Sensitive maintenance: A cognitive process underlying individual differences in memory for threatening information

Faculty/Professorship: Educational Psychology  
Author(s): Peters, Jan H. ; Hock, Michael  ; Krohne, Heinz Walter
Editors: Katz, Daniel
Title of the Journal: Journal of personality and social psychology
ISSN: 0022-3514
Corporate Body: American Psychological Association
Publisher Information: Washington, DC
Year of publication: 2012
Volume: 102
Issue: 1
Pages: 200-213
Language(s): English
Dispositional styles of coping with threat influence memory for threatening information. In particular, sensitizers excel over repressors in their memory for threatening information after long retention intervals, but not after short ones. We therefore suggested that sensitizers, but not repressors, employ active maintenance processes during the retention interval to selectively retain threatening material. Sensitive maintenance was studied in 2 experiments in which participants were briefly exposed to threatening and nonthreatening pictures (Experiment 1, N = 128) or words (Experiment 2, N = 145). Following, we administered unannounced recognition tests before and after an intervening task that generated either high or low cognitive load, assuming that high cognitive load would impede sensitizers' memory maintenance of threatening material. Supporting our hypotheses, the same pattern of results was obtained in both experiments: Under low cognitive load, sensitizers forgot less threat material than repressors did; no such differences were observed under high cognitive load.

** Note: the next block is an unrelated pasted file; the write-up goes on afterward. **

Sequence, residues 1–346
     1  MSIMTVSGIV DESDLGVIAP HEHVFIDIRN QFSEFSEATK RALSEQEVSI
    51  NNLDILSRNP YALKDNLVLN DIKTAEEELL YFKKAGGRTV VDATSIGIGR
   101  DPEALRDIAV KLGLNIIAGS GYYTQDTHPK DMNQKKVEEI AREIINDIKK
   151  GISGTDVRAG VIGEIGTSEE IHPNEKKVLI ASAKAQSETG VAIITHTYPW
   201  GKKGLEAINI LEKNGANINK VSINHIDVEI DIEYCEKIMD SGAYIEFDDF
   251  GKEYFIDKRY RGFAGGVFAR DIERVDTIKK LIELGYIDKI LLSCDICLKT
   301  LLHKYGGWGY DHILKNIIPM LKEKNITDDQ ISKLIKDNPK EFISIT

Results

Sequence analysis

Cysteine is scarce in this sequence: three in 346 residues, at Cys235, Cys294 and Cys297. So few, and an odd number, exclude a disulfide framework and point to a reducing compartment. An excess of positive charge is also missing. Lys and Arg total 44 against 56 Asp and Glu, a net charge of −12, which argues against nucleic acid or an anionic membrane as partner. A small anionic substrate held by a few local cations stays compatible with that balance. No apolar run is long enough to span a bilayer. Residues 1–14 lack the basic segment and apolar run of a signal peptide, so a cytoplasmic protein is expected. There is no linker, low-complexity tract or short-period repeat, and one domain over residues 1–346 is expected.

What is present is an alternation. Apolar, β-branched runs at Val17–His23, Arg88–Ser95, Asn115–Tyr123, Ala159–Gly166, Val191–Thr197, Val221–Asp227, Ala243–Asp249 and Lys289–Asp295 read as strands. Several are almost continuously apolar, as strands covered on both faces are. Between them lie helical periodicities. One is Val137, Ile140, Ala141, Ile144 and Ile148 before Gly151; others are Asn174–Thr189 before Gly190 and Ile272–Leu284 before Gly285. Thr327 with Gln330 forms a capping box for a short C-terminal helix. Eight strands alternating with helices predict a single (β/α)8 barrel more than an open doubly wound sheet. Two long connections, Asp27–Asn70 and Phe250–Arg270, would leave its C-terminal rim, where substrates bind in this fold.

Type: Article
Year of publication: 8. March 2013